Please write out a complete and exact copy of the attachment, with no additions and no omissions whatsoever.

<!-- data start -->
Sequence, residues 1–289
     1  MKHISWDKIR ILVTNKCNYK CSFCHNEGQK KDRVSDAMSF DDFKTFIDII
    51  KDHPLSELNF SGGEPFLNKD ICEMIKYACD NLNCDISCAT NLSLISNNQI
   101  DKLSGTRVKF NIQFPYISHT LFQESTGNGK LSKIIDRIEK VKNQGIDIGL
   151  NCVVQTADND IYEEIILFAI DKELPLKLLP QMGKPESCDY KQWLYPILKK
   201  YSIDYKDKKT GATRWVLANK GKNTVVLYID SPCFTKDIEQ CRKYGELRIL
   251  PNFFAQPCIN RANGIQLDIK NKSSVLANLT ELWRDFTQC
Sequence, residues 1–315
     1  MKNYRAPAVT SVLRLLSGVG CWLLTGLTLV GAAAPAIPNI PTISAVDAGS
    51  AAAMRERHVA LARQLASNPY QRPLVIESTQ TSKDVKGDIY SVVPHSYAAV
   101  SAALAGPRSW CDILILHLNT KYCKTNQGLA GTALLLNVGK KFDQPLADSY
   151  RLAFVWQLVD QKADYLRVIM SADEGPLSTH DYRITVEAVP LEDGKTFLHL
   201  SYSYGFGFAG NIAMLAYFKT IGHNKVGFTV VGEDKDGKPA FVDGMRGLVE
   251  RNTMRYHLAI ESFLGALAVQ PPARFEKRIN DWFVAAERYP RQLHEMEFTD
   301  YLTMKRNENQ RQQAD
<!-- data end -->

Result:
Sequence, residues 1–289
     1  MKHISWDKIR ILVTNKCNYK CSFCHNEGQK KDRVSDAMSF DDFKTFIDII
    51  KDHPLSELNF SGGEPFLNKD ICEMIKYACD NLNCDISCAT NLSLISNNQI
   101  DKLSGTRVKF NIQFPYISHT LFQESTGNGK LSKIIDRIEK VKNQGIDIGL
   151  NCVVQTADND IYEEIILFAI DKELPLKLLP QMGKPESCDY KQWLYPILKK
   201  YSIDYKDKKT GATRWVLANK GKNTVVLYID SPCFTKDIEQ CRKYGELRIL
   251  PNFFAQPCIN RANGIQLDIK NKSSVLANLT ELWRDFTQC
Sequence, residues 1–315
     1  MKNYRAPAVT SVLRLLSGVG CWLLTGLTLV GAAAPAIPNI PTISAVDAGS
    51  AAAMRERHVA LARQLASNPY QRPLVIESTQ TSKDVKGDIY SVVPHSYAAV
   101  SAALAGPRSW CDILILHLNT KYCKTNQGLA GTALLLNVGK KFDQPLADSY
   151  RLAFVWQLVD QKADYLRVIM SADEGPLSTH DYRITVEAVP LEDGKTFLHL
   201  SYSYGFGFAG NIAMLAYFKT IGHNKVGFTV VGEDKDGKPA FVDGMRGLVE
   251  RNTMRYHLAI ESFLGALAVQ PPARFEKRIN DWFVAAERYP RQLHEMEFTD
   301  YLTMKRNENQ RQQAD